Q&A: Chuck Leavell - Features - Atlanta Magazine

Q&A: Chuck Leavell

The rock royalty discusses his passion for environmentalism and what it's like to be a musical director for the Rolling Stones


Chuck Leavell is considered by many to be the greatest rock pianist alive. Gregg Allman once said, “I know some good piano players, man, but . . . Chuck smokes ’em.” He’s held the keyboard chair in the Rolling Stones for twenty-nine
years and is such an integral part of the group that Keith Richards once said the Stones “wouldn’t be the Stones without Chuck.”
The youngest of three children, Leavell was born in Birmingham and grew up in Tuscaloosa. His father sold insurance, and his mother was a homemaker who entertained her young son by playing the piano. When Leavell was thirteen years old, his older sister took him to a Ray Charles concert, and his life’s path was set.
Photograph courtesy of
the Chuck Leavell Archive
Leavell eventually moved to Macon and first rose to prominence in 1972 when, at the age of twenty, he joined the Allman Brothers Band following guitarist Duane Allman’s death in a motorcycle accident. Leavell recorded one of rock’s most memorable piano solos—which he made up on the spot—on the classic instrumental “Jessica.” The song was inspired by guitarist Dickey Betts’s infant daughter, so Leavell decided to let his solo echo the theme song of the Peanuts television specials.
Leavell’s passion for music is rivaled only by his love of nature, born when his wife, Rose Lane, inherited her family’s 1,200-acre farm south of Macon. Leavell started modestly by growing Christmas trees. He then became interested in forestry and planted his first pine trees in 1984. Today trees cover 80 percent of the plantation, and harvests are carried out to sustainable forestry standards. The Charlane Plantation also doubles as a forested resort. Guests can rent an 1835 farmhouse or rooms in a lodge and hunt deer, wild turkey, and quail.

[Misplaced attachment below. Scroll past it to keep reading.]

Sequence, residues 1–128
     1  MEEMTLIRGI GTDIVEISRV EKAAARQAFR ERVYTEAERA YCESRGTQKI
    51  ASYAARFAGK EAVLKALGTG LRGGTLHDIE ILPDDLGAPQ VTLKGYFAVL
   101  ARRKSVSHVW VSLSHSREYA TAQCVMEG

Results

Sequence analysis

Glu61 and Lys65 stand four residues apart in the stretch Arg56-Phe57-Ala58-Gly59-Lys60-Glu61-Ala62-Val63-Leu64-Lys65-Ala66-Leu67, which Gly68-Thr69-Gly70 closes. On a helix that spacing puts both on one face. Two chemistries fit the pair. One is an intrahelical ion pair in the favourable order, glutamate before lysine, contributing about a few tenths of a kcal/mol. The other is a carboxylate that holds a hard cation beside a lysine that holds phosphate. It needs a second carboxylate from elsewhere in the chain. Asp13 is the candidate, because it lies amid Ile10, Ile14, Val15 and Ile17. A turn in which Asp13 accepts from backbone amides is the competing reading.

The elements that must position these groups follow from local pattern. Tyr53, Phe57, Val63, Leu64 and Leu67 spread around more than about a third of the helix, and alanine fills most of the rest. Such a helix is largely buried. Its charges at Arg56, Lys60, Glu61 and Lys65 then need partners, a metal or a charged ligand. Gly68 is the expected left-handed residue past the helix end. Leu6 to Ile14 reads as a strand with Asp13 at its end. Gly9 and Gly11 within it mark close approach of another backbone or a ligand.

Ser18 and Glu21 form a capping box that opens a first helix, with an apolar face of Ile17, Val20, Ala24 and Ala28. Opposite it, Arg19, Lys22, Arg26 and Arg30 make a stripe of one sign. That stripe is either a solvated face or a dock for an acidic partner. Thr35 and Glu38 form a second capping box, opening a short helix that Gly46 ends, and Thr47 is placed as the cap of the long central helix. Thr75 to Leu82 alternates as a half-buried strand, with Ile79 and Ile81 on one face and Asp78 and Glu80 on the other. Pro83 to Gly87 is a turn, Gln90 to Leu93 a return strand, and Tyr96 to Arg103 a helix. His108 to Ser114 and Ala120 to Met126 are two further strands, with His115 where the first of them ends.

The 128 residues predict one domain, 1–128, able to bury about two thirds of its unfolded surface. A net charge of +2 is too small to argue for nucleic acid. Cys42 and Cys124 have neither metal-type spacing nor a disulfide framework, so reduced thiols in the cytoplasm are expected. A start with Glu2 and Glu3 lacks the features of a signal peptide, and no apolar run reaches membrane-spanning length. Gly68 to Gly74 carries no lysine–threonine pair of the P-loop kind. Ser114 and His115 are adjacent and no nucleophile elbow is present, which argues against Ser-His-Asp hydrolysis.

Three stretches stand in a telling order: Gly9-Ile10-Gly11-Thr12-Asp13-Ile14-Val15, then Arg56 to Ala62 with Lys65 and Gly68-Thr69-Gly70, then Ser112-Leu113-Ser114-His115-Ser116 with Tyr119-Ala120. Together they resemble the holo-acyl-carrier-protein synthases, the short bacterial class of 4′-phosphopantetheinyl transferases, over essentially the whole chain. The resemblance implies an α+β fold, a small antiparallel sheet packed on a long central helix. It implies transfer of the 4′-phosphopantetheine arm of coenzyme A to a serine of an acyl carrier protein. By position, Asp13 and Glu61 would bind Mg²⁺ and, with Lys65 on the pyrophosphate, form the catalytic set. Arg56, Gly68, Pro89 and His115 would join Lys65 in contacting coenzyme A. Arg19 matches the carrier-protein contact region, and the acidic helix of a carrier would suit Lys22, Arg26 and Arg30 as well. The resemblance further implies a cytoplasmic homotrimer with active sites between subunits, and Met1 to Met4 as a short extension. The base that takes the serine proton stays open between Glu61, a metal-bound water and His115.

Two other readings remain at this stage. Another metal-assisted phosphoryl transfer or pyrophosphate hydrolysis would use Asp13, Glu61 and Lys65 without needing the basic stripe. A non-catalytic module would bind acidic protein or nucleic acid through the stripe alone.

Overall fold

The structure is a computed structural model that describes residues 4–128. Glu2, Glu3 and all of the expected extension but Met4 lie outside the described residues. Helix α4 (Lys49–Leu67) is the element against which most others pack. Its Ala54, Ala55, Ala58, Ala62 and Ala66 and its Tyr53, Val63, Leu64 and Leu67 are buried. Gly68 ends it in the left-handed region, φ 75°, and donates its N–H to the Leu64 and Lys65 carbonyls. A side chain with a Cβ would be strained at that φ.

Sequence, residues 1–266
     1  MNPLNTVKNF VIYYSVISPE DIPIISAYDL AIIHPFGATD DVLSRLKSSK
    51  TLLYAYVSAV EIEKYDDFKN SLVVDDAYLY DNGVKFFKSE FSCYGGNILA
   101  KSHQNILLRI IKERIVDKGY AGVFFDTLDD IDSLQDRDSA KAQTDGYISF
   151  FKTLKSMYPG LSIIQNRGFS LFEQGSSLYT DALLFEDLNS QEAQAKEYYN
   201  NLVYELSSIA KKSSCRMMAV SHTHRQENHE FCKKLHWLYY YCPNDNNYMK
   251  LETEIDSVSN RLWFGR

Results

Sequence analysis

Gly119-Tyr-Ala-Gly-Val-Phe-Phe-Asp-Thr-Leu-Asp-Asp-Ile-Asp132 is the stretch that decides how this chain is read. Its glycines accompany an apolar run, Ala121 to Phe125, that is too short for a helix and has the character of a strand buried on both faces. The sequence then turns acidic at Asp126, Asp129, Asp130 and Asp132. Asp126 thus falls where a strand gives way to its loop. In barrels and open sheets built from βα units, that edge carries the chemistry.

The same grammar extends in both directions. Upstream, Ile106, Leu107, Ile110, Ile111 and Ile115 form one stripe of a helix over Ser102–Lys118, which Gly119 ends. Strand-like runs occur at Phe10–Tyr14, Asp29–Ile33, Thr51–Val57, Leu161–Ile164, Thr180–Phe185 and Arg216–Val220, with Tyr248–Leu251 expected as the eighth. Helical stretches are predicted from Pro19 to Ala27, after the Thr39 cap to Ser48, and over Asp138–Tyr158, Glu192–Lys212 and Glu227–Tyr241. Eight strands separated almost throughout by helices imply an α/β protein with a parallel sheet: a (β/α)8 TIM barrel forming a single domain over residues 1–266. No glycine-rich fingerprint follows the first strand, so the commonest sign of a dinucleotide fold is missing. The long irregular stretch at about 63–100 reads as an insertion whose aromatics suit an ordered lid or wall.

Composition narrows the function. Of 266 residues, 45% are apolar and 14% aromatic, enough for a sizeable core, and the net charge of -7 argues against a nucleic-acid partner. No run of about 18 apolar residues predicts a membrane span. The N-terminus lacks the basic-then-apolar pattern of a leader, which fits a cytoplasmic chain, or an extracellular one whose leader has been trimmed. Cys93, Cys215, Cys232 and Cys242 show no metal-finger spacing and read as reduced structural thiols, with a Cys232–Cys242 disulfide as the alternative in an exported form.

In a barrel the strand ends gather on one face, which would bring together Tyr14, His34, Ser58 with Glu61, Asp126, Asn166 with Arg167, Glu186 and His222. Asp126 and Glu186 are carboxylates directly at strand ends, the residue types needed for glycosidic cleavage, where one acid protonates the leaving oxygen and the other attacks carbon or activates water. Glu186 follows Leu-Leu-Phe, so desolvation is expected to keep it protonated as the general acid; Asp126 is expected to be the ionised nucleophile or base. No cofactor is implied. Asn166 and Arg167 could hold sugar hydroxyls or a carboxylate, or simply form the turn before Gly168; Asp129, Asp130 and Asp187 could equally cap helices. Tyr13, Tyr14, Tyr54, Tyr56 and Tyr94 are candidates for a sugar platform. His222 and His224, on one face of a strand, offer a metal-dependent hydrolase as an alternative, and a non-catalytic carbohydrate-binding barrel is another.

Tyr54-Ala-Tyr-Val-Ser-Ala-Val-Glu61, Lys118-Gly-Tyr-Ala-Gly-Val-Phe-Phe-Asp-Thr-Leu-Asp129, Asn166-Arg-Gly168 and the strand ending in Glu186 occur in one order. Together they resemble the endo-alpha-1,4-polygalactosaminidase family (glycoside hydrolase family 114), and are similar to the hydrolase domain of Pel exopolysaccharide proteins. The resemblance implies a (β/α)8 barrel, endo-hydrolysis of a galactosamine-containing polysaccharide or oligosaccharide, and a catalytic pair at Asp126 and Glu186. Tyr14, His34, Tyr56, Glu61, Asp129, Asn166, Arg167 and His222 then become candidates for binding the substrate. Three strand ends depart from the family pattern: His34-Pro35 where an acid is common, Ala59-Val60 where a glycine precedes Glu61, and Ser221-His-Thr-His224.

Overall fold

Leavell, fifty-nine, is the cofounder of the Mother Nature Network website with Atlanta advertising and public relations icon Joel Babbit. He also has coauthored four books, including three on environmental issues. The latest, Growing a Better America (Evergreen Arts, with J. Marshall Craig), was released this spring. His upcoming CD, Back to the Woods, is due in the fall and pays tribute to blues piano legends. It features guest appearances by Keith Richards, John Mayer, Col. Bruce Hampton, and Randall Bramblett.
We sent Scott Freeman—author of Midnight Riders: The Story of the Allman Brothers Band and a former Atlanta magazine executive editor—to speak with Leavell. His first story on Leavell was in 1983, when the keyboardist made his debut on a Rolling Stones album.
For this interview, the two met at the airport. “He was on his way to New York for a recording session with John Mayer,” says Freeman. “Chuck isn’t your typical ‘rock star’; when he says to meet him at 2:15, he’s going to be punctual and maybe even early. So I got there early. Good thing; he called me at two, ready to go.”

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